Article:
1 week out
- Finish any final sewing projects. Prepare and press everything and store it safely away from view to keep it fresh for party day.
- Prepare anything on your menu than can be made ahead and frozen. This includes the cake.
- Write out a final schedule of activities. Start with games, then cake, then presents. Finish with a last game or activity if time allows.
- If the birthday boy or girl has siblings, plan how they will spend they day. If old enough, they can be helpers. Or, perhaps they'd have more fun spending the afternoon at a friend's house.
2 days prior
- Buy any remaining food needed for the menu.
- Buy any remaining prizes or decorations needed for your activities or table.
- Make sure you have plenty of batteries for your cameras.
- If you've decided to have helium-filled balloons at the party, order them early for pick up on the morning of party day.
1 day prior
- Clean and freshen the party area. It's easy to leave this until the last minute, but if you clean a day or so before the party everything is ready to go. Child-proof the area while you clean.
- Take any made-ahead food items out of the freezer to thaw.
- Put together the take-home gift bags, but hide them away in a cupboard or closet. It's best to take these out right before the party ends.
- Pick up balloons, if ordered.
- Pick up the cake if you didn't make it yourself. Make sure you have enough candles and matches.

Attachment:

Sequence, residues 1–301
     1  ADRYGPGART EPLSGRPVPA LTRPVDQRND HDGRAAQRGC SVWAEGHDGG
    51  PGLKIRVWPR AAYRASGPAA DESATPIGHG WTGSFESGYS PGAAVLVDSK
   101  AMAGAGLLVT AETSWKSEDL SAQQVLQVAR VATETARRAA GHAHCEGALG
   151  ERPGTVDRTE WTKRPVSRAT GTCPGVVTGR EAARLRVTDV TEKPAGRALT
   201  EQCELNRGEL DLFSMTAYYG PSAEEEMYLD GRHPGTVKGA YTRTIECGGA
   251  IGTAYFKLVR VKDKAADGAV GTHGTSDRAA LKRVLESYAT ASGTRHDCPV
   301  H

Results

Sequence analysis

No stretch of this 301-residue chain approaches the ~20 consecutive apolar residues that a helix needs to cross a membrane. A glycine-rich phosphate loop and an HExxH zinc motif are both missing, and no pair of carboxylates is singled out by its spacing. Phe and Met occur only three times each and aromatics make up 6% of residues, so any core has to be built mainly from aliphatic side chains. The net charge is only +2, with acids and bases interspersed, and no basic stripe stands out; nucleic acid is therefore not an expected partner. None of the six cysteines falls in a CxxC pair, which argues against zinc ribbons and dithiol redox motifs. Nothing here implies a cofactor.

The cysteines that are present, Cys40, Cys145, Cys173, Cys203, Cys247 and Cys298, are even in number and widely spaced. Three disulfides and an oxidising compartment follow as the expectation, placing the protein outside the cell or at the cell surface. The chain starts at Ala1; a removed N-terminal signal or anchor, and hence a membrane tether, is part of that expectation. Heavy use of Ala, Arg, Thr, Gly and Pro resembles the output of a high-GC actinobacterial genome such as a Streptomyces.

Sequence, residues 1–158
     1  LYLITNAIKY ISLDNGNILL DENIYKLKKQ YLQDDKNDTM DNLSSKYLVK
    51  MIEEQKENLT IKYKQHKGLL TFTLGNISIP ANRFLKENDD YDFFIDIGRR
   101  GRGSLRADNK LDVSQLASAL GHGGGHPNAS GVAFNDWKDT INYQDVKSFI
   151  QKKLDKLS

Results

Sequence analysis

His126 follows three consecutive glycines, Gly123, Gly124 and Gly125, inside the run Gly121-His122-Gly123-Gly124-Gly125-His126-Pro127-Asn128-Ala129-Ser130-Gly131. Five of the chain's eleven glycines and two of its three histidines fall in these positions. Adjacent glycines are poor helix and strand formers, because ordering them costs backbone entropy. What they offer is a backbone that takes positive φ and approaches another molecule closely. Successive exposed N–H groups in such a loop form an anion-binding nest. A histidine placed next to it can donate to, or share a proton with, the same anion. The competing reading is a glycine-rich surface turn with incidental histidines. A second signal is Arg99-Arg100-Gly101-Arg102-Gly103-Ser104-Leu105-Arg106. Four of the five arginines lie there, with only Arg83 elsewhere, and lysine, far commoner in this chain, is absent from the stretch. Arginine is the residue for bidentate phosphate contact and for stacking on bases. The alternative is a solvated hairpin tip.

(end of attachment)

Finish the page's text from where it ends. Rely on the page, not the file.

- Prepare all the final menu items, including the drinks. Kids love 'mini ice buckets.' Filling a large plastic bowl with ice cubes and juice boxes is festive and fun.
- Protect the table. There are sure to be spills, so cover your table first with a laminated table cloth, then put down butcher paper... like in those fancy restaurants where creative types draw skyscraper designs around their water glasses. You can find large rolls of it at many craft stores. Simply tape the butcher paper to the table cloth; this makes the table itself an activity when you set out boxes or cups of crayons and chalk.
- Set the table. Kids love to come into the party room and see a fully decorated and set table, including the cake. Just make sure to cover the cake with a clear lid to protect it from curious little fingers. You can make your own protective lid by cutting the bottom out of a gift box and replacing it with clear plastic wrap.
- Set out place cards or otherwise identify who will sit where. You can discuss this beforehand with your child. By having a special place set up in advance for each guest, you help prevent squabbling and hurt feelings when they realize it's physically impossible for everyone to sit next to the birthday boy/girl.
- Decorate the rest of the room as needed. Remember that your eye level is not kid's eye level. Decorations should be low enough for children to enjoy.
- Set up the materials and prizes for the games and activities.
- Have a special table cleared off and decorated to collect gifts.
- Set up the stereo with a set of rotating CDs with kid-friendly music.
- Answer the doorbell and let the fun begin!
After the fact
- Put your feet up and help your child wind down from the excitement of the day. Sitting together on the floor and looking through his/her gifts while discussing the party is a good way to bring things down a couple notches.
- Clean up. There are likely to have been a few spills and mishaps. Try to keep your sense of humor. You've just put on a wonderful celebration for your little one. If that means vacuuming up pulverized Goldfish® from the family room carpet... isn't that a small price to pay for his/her smile?
- Don't forget to have your child send thank you notes to everyone who attended. Depending on the age of your child, this will require some supervision and assistance from you, but let your child drive the wheel. He/She needs to learn the importance of a carefully prepared and genuine 'thank-you.'